September 13th, 2013 | Filed under News
We’re very excited that the PBS NewsHour will be airing a fantastic KQED report tonight on the culture and artwork that emerged at this year’s Burning Man event, and the impact they off playa, year-round.
The piece features a number of Burning Man artists you may recognize, such as the Flaming Lotus Girls, as well as an interview with Tomas McCabe, Executive Director of the Black Rock Arts Foundation.
Check your local listings, and tune in!
Once it’s available, we’ll update this post with the archived video of the segment.
September 13th, 2013 | Filed under News
Black Rock City 2013 (photo credit: Reuters)
The Bureau of Land Management (BLM) and Black Rock City, LLC (BRC) have stated that the 2013 Burning Man event peak population was 69,613. BLM will be reviewing the peak population number in association with the special recreation permit stipulations for the 2013 event.
Prior to reaching the peak population number during the event, BLM and BRC coordinated and implemented contingency plans, which included collaborative managing of the gate entrance, opening additional camping areas and streets within the city, deploying additional porta-potties, pumper trucks and medical vehicles. This coordination and the contingency actions were to further facilitate a safe and healthy event and city.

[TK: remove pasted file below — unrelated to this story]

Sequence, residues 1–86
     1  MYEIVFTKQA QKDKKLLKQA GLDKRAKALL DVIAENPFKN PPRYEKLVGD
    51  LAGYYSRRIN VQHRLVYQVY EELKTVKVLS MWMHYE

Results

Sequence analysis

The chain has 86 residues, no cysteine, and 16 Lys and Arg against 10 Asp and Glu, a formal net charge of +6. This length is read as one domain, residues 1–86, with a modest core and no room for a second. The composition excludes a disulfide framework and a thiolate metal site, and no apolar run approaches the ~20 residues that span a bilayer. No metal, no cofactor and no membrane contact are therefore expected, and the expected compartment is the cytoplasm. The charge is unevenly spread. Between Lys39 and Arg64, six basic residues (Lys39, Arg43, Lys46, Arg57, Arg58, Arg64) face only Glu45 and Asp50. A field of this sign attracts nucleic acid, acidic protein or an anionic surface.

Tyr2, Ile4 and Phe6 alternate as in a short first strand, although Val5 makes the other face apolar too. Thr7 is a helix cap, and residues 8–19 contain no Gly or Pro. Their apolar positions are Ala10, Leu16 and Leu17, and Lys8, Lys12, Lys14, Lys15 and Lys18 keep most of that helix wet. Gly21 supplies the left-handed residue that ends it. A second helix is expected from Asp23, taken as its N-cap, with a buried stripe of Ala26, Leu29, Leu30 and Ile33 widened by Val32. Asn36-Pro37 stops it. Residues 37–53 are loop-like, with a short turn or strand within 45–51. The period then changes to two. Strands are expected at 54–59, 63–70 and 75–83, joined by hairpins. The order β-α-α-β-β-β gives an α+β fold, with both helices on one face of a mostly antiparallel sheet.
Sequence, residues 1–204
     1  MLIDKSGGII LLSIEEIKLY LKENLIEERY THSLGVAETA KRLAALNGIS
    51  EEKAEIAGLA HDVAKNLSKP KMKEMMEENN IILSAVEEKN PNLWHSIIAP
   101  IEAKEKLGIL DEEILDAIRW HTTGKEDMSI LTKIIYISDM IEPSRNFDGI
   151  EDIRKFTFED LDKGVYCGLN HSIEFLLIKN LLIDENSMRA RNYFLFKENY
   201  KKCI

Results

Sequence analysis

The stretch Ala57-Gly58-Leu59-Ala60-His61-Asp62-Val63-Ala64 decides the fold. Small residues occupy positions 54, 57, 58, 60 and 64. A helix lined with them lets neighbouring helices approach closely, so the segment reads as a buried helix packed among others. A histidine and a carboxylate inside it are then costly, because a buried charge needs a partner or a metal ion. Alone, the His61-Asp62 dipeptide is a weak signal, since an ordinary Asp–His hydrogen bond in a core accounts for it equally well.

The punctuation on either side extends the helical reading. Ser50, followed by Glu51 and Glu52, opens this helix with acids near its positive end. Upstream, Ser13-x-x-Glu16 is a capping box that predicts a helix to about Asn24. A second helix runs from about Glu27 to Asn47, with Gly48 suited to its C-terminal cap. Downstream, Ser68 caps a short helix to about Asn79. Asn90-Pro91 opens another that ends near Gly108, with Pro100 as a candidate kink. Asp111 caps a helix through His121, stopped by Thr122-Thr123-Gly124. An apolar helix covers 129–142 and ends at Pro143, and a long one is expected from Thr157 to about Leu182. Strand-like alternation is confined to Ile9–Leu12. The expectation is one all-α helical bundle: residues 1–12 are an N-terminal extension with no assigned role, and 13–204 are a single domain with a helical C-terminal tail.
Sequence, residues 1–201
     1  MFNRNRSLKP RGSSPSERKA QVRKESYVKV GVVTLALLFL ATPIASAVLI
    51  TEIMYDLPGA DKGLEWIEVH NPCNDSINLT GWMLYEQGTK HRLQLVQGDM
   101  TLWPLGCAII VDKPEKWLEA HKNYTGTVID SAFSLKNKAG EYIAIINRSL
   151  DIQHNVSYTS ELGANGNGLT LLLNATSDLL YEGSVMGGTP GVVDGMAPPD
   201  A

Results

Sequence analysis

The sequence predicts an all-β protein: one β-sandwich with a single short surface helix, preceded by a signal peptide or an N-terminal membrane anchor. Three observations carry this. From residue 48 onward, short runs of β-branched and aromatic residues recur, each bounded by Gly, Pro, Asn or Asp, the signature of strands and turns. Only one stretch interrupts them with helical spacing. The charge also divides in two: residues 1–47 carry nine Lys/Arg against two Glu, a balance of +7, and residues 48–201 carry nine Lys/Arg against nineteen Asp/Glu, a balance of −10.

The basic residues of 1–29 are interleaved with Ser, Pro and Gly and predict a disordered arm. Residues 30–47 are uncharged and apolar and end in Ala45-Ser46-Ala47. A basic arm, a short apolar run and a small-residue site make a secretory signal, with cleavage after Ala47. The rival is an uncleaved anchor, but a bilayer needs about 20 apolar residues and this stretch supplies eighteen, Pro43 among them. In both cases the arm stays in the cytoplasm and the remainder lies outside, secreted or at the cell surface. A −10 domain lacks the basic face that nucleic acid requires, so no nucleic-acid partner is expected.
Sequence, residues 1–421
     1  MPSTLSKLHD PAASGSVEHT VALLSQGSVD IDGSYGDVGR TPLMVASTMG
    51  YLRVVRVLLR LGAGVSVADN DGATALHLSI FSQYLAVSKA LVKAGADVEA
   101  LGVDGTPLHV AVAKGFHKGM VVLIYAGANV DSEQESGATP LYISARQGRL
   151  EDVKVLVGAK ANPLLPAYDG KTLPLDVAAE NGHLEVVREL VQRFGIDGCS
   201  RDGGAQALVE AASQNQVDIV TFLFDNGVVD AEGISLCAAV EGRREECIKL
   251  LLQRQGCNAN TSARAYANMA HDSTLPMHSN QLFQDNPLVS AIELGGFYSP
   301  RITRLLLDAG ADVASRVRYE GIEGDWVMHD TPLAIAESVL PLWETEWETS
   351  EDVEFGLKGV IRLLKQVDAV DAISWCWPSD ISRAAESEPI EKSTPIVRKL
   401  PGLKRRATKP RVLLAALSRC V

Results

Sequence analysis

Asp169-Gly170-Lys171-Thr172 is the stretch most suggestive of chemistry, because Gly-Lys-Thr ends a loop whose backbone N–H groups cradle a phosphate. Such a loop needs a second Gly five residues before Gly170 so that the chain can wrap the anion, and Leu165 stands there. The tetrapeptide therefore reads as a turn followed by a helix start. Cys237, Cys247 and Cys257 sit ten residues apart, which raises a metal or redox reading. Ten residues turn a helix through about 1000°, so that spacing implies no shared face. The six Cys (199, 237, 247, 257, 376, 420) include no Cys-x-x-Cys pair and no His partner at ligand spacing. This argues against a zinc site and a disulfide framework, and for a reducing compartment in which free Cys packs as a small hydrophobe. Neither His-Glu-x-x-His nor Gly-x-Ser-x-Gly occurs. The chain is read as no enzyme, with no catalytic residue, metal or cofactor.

August 30th, 2013 | Filed under News
Black Rock City 2011, Photo by Luke Szczepanski
Burning Man and the Bureau of Land Management have begun tighter management of the entrance gate to the Burning Man event. Measures are being taken to ensure camping is occurring in designated areas and to manage overall population of the event.
The new entrance controls will likely result in increased wait times at the Main Gate, participants who are not part of existing camps will be directed to camp on the outer fringes of Black Rock City between 3 o’clock and 5 o’clock. Additional streets have been constructed (the streets of M & N, from 7:00 to 10:00) to assist in these efforts.
The changes were agreed to by Burning Man and BLM to protect the health and safety of participants.
August 25th, 2013 | Filed under News
Gate road, 2008
We don’t want to see participants get cited or arrested by law enforcement as they enter Black Rock City, nor do you want it to happen to you, right? Right.